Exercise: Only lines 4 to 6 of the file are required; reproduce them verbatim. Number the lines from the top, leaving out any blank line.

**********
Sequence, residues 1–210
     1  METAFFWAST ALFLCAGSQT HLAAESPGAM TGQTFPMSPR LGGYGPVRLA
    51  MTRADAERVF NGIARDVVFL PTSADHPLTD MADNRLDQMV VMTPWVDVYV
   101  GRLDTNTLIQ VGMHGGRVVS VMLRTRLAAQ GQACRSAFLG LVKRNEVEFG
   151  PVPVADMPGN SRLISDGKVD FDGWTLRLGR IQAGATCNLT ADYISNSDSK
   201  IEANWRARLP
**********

   101  GRLDTNTLIQ VGMHGGRVVS VMLRTRLAAQ GQACRSAFLG LVKRNEVEFG
   151  PVPVADMPGN SRLISDGKVD FDGWTLRLGR IQAGATCNLT ADYISNSDSK
   201  IEANWRARLP